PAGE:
The last building was similar in design to the outer buildings, but was more spacious. Instead of two bunkbeds per room, there were two normal beds. The lockers were also full of various personal items. We must have been in the commander’s quarters. In addition to the better accommodations, there were also no bodies in the room.

    We went through the four lockers and found one completely empty. Besides clothing, the extra personal items were quite interesting. One of the items was a long braid of hair wrapped in tan silk. Another item was a wooden sculpture of a Togruta woman holding a stick of some kind in a martial pose. There was also some kind of a coin with the strange winged sword logo on one side and a face of a man on the other. Finally, there was a quarter-full bottle of something that smelled toxic with a strange language written on it. Hemli grabbed the bottle before I was done trying to read the writing, pulled the cap off, and took a sip. Her face split into a huge grin.

    It was getting late and I suggested we stay in the command quarters for the night. We had sat down in the common room to eat dinner and talk. I said that, if nothing else, it would keep us out of the wind. Hemli thought it was a good idea, but Deak said that he didn’t want to stay somewhere that was haunted. Hemli laughed at him for that and he said that we could stay.

    We moved the speeders inside the storage room and then went around the ruins to shut off all of the external lights to keep things looking inconspicuous to anyone from the outside. After that, we closed all of the doors and made sure none of the internal lights were on.

    We activated the thermal generator in the command quarters and decided to look through what we all had collected. Mostly, it was electronics and food pellets. I didn’t bring up the strange cylinder thing I found. After a couple of hours of Deak using my tool kit to check the parts, a third of them were in a pile on the floor. The rest of then went back into the small pack he slung on his back.

    Hemli told us that we had a bottle of Togruta cider. She took another drink and passed it to Deak. He took a sip of it and started coughing for about half a minute. It burned my tongue, mouth, throat, stomach, and a couple other organs that I didn’t know I had. Hemli laughed at us and took another drink from it. We continued to pass the bottle around, and it got easier to drink. I don’t know why, but everything got fuzzy too. I’d never been drunk before.

    Deak and I took one of the two rooms with Hemli in the other. Halfway through the night, Hemli came into our room and sat on the bed next to me. I scooted to the edge of the bed and she stretched out in her own all-temperature before falling asleep.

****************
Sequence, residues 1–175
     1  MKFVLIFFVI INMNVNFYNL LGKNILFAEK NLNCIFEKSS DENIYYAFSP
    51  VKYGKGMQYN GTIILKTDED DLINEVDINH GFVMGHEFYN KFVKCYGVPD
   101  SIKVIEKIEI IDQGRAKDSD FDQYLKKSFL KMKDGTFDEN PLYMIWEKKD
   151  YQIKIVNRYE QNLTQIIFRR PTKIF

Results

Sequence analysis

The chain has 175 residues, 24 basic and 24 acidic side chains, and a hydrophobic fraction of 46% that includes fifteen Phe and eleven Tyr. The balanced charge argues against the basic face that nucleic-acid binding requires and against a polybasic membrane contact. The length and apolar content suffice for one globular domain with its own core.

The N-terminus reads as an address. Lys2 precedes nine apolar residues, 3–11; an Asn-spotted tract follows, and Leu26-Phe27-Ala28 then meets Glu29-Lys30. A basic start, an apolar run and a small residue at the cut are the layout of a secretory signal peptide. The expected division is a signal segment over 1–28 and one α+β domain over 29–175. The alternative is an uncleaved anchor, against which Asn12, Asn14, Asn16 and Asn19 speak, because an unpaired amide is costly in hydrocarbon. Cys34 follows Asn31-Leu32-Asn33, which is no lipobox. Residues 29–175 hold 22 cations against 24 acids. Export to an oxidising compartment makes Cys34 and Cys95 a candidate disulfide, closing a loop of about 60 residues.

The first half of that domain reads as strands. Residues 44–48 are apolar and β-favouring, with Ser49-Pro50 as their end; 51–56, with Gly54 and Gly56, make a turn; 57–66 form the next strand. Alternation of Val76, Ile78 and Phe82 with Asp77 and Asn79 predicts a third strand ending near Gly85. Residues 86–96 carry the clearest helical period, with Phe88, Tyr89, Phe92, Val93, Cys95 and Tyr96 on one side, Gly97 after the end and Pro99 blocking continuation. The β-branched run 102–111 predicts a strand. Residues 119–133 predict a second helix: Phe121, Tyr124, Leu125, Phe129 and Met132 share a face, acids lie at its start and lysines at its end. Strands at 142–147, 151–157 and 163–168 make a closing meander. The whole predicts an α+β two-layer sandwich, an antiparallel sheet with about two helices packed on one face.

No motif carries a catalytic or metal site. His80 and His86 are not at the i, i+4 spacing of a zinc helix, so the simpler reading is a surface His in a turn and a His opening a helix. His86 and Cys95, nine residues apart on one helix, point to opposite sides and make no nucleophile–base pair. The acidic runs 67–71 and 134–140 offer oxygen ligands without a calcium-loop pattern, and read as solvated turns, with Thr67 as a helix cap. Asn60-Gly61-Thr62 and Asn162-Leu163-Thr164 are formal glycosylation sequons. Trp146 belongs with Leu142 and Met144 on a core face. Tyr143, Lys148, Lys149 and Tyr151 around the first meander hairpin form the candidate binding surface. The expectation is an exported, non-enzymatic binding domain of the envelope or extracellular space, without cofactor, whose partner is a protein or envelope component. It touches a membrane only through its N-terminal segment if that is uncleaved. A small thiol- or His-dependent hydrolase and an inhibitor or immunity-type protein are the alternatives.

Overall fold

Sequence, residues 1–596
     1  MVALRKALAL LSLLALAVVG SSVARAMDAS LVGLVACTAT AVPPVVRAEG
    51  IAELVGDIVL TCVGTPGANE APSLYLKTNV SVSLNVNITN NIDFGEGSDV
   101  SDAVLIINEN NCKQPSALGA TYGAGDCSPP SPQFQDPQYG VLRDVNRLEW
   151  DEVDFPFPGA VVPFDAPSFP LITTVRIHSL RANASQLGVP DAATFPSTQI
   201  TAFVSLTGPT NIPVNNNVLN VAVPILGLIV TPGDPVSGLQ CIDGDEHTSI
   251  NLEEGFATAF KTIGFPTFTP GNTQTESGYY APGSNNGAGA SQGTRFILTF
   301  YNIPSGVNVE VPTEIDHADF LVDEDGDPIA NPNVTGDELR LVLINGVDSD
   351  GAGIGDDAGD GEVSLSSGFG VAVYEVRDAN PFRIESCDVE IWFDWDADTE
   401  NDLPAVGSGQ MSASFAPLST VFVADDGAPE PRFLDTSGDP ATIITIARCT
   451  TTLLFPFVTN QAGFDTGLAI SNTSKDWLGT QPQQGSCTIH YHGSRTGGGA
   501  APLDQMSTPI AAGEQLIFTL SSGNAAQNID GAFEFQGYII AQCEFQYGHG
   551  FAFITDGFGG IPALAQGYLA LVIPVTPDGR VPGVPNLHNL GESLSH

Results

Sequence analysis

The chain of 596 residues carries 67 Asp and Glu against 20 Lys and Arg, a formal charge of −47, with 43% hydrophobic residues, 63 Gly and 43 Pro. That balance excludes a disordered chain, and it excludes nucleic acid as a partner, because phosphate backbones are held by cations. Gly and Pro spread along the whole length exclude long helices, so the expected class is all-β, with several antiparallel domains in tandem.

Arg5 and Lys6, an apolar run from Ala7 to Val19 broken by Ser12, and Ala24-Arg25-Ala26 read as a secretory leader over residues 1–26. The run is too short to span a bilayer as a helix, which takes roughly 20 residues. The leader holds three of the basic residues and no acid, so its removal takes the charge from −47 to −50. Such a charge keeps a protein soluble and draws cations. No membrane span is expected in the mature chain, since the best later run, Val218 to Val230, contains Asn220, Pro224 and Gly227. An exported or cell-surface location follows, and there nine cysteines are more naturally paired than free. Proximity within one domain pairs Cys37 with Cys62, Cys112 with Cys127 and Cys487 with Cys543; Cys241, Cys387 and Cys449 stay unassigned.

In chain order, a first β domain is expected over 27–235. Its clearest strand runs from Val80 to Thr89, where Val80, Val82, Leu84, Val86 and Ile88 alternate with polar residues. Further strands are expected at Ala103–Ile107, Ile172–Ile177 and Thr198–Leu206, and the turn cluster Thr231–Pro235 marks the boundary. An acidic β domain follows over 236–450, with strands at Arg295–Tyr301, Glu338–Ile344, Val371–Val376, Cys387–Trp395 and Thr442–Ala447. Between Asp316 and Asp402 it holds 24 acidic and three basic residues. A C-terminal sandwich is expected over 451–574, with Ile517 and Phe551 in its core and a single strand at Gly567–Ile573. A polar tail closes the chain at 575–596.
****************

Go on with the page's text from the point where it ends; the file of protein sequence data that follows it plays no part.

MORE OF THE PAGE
I woke up from the comlink buzzing on my belt. I went into the refresher and let my mother know I was okay and that we would be coming back either today or tomorrow. She told us that it wasn’t a problem and she was glad we were having fun. I didn’t tell her that it felt like someone set off a proton bomb in my skull.

    I used the refresher and found that the water tanks were full. So, I took a quick shower to clean up. Hemli took one after me and Deak took one in the other room, I heard him throwing up in it. We ate breakfast, very slowly, and drank a full canteen of water each. We decided that we’d spend until noon going back through to see if we missed anything and then head back to the beach and home.

    None of us really found anything of consequence, but Deak also didn’t search with us. Instead, he spent the entire time stripping what was left of the protocol droid down. I left him with my tool kit and he came to me for my extra power cell about two hours later. In the end, he had quite a haul on the back of his jumpspeeder.

    After eating, Deak shut down the generator and we made everything look like nobody had ever come to the ruins… well, aside from some scavengers. But, we had nothing to do with that. Afterwards, we burned out as fast as we could go. Our hangovers, what Hemli called them, were forgotten to the sheer acceleration. Two hours later, we were at the campsite.

    When we uncovered everything, Hemli jumped back with a screech. On top of the recharger, seated in a neat little web around the power outlets, was a medium-sized Fruit Spider. Two of its ten legs rose into the air and it ejected a pheromone that smelled like rotten fruit, its natural deterrent to being eaten by the various avian species that hunted it. I knew that its bite could cause really bad swelling, so I took a stick and shoved it off the equipment. It hissed in protest and walked into the nearby grass.

    Deak couldn’t help us uncouple the equipment thanks to the dead-arm punch that Hemli gave him for his laughter. It took another hour to get everything back into place on the bikes. The comlinks were another story because their internal tracking chips could tell anyone who found them exactly where they had been. However, I had an idea about that.